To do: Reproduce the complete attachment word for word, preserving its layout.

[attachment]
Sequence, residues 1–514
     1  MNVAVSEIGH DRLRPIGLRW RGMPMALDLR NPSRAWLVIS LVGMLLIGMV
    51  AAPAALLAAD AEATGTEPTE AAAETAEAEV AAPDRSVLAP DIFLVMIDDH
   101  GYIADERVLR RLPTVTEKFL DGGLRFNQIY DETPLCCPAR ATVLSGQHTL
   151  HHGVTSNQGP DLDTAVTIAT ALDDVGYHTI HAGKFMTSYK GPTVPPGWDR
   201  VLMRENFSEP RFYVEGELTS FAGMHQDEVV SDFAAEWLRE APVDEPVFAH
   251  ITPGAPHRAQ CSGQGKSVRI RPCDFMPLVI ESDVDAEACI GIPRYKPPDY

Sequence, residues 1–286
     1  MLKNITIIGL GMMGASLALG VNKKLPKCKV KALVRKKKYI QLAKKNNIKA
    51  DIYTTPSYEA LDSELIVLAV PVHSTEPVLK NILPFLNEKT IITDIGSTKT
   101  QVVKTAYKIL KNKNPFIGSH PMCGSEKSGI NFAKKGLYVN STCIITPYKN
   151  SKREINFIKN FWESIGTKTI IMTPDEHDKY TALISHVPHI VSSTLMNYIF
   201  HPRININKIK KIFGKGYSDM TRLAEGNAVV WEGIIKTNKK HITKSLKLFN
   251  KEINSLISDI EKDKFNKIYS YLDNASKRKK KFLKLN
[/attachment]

Sequence, residues 1–514
     1  MNVAVSEIGH DRLRPIGLRW RGMPMALDLR NPSRAWLVIS LVGMLLIGMV
    51  AAPAALLAAD AEATGTEPTE AAAETAEAEV AAPDRSVLAP DIFLVMIDDH
   101  GYIADERVLR RLPTVTEKFL DGGLRFNQIY DETPLCCPAR ATVLSGQHTL
   151  HHGVTSNQGP DLDTAVTIAT ALDDVGYHTI HAGKFMTSYK GPTVPPGWDR
   201  VLMRENFSEP RFYVEGELTS FAGMHQDEVV SDFAAEWLRE APVDEPVFAH
   251  ITPGAPHRAQ CSGQGKSVRI RPCDFMPLVI ESDVDAEACI GIPRYKPPDY

Sequence, residues 1–286
     1  MLKNITIIGL GMMGASLALG VNKKLPKCKV KALVRKKKYI QLAKKNNIKA
    51  DIYTTPSYEA LDSELIVLAV PVHSTEPVLK NILPFLNEKT IITDIGSTKT
   101  QVVKTAYKIL KNKNPFIGSH PMCGSEKSGI NFAKKGLYVN STCIITPYKN
   151  SKREINFIKN FWESIGTKTI IMTPDEHDKY TALISHVPHI VSSTLMNYIF
   201  HPRININKIK KIFGKGYSDM TRLAEGNAVV WEGIIKTNKK HITKSLKLFN
   251  KEINSLISDI EKDKFNKIYS YLDNASKRKK KFLKLN